Human fetal skin heals without scar formation when it is transplanted to a subcutaneous location on an adult athymic mouse and subsequently wounded. In contrast, human fetal skin of identical gestational age heals with scar formation when transplanted to a cutaneous location on the athymic mouse recipient. To determine if mouse (adult) or human (fetal) fibroblasts are healing the graft wounds, we performed indirect immunohistochemistry for mouse and human collagen types I and III.
Full-thickness skin grafts (n = 51) from human fetuses at 18 weeks' (n = 4) or 24 weeks' (n = 2) gestational age were placed onto athymic mice in two locations: cutaneously onto a fascial bed and subcutaneously in a pocket under the murine panniculus carnosus. Linear incisions were made in each graft 7 days after transplantation. Grafts were harvested at 7, 14, and 21 days after wounding and stained with hematoxylin and eosin or Mallory's trichrome. Immunohistochemistry for either human collagen type I or type III or for mouse collagen type I was performed.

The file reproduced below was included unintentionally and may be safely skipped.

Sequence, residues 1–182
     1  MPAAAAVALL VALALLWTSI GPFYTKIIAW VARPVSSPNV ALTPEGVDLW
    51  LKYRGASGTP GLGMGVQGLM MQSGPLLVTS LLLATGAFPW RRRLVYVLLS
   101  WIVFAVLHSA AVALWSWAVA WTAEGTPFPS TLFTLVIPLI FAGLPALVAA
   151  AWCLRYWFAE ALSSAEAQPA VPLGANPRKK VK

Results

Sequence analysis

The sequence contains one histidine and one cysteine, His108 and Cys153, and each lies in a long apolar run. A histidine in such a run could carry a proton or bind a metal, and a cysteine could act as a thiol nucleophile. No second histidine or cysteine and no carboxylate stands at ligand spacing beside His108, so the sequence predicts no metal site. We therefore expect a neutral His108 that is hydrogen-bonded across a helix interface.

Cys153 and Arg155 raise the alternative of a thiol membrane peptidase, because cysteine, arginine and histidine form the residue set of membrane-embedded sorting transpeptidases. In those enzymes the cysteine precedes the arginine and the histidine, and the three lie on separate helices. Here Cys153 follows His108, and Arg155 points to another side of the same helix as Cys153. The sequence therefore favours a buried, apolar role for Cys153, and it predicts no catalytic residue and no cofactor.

The subcutaneous grafts healed with human collagen types I and III in a scarless pattern. The wound collagen pattern was reticular and unrecognizable from the surrounding dermis. Hair follicles and sebaceous gland patterns were unchanged in the wounded dermis. Conversely, the cutaneous grafts healed with mouse collagen in a scar pattern with disorganized collagen fibers and no appendages. Mouse collagen scar was present along the base of the cutaneous grafts and as a thin capsule around the subcutaneous grafts.
We conclude that (1) subcutaneous grafts heal with human fetal collagen and no scar formation, and (2) cutaneous grafts heal with mouse collagen in a scar pattern. Fetal fibroblasts can heal fetal skin wounds without scar despite being perfused by adult serum and inflammatory cells in an adult environment. These data suggest that the fetal fibroblast is the major effector cell for scarless fetal skin repair.
©1995American Society of Plastic Surgeons